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On December 3, 2017, Mobility International USA observes International Day of Persons with Disabilities (IDPD) by recognizing disabled leaders and allies who are moving this agenda forward through policy and legislation. In partnership with powerful disabled people’s organizations (DPOs) and allies around the world, MIUSA’s efforts are strengthening both the Convention on the Rights of Persons with Disabilities (CRPD) and national disability rights laws.
Here are a few highlights from around the globe worth celebrating:
Mobility International USA is honored to announce its International Advisory Committee!
The eighteen inaugural members of the Committee represent diverse fields and experiences. Their expertise and commitment to advancing disability rights and leadership globally will assist MIUSA to continue to reach its goals to:
Sixteen women with disabilities from China, India, Nepal, and Sri Lanka will be selected to participate in an eight-day WILD program in Sri Lanka to exchange experiences, explore strategies, strengthen a regional network of support, and create collaborative plans to promote inclusion of women with disabilities in community development efforts.
Every NGO wants to ensure that they reach the world’s most vulnerable populations and have diversity in their staff and populations they reach. Now, through a new membership initiative of Mobility International USA called Excellence in Development & Disability Inclusion (EDDI), innovative organizations can harness the expertise of MIUSA's network to build inclusive programs, establish access to services, remove barriers, and protect the rights of people with disabilities.
"It's a stuffed bell pepper with rice, meat and different kinds of vegetables." My parents listened intently as I translated the waiter's explanation of this traditional Peruvian dish.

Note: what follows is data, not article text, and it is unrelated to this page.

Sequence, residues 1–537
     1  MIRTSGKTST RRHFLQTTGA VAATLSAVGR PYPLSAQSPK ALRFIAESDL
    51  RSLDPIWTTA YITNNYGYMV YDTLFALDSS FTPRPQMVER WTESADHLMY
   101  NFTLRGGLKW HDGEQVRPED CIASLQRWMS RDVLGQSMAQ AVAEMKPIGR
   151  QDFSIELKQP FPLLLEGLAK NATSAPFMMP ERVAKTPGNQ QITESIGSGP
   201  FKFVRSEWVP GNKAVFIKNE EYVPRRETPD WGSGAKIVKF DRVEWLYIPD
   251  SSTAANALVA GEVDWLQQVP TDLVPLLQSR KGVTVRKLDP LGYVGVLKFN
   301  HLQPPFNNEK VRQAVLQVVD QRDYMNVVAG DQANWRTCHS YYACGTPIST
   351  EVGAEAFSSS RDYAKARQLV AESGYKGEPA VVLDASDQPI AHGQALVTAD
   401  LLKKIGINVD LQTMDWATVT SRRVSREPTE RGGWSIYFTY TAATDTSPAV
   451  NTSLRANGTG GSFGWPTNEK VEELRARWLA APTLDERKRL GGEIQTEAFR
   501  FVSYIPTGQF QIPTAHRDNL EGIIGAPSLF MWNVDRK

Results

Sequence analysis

As a blind person, I was used to having a sighted intermediary explain the menu, and tell the waiter what I wanted. But this was different. Everything on the menu and all the conversation around us was in Spanish and I was the only one of our group who could understand it. I turn to the waiter and referring to my parents, I explained, "She'll have the stuffed bell pepper and he wants the soup."
As part of the #AccessLanguages campaign, to increase access for students with disabilities learning and teaching a foreign language abroad, MIUSA awards the Mike and Lisa Sygall Fellowship to WILD alumna, Jenny Chinchilla!
In partnership with the University of Oregon, American English Institute (AEI), the award will provide 10 weeks of enrollment in an intensive English course, an internship with MIUSA, and host family placement in Eugene, Oregon this fall.
There’s a world to explore beyond Western Europe and Australia. Although these parts of the world factor heavily into mainstream media and popular culture, we’re less likely to get portrayals of people living and thriving in Sub-Saharan Africa. We must seek them out to create a comprehensive view, and there’s no better way to do that than to travel to Africa or to host an international visitor yourself!
So what is it about the region of Sub-Saharan Africa that is creating a buzz of international exchange travel to and from the United States, and why should people with disabilities be paying attention? Here are just a few reasons:
We at MIUSA celebrate the ADA every day, but we especially want to take a moment on this great occasion to acknowledge and commend the strategic, unyielding, and hard-won fight - led by disability rights leaders and allies - to craft and enact this powerful, inclusive, and enforceable law. Without the hard work and commitment of cross-disability coalitions, grassroots organizers, lawyers, parents, government champions, and allies from other rights movements, we would not be where we are today.
By venturing to other countries, people with disabilities have demonstrated to themselves - and the world - that they are independent and successful, resilient and adaptable. They've gone on to work in the fields of law, disability advocacy, international education, journalism, and more. Their stories show how international exchange can be a profoundly transformative experience for those with disabilities—and their careers, skill sets, and personal development.
The award recognizes the international development community’s innovative efforts to promote disability inclusion as a human rights issue.
MIUSA CEO Susan Sygall, who has known Ms. Heumann for more than 40 years, was thrilled at the nomination, describing her as "a true disability activist, someone who works day and night, 24/7, to enhance the lives of people with disabilities both in the US and around the world." This nomination was brought forth from InterAction's Disability Working Group.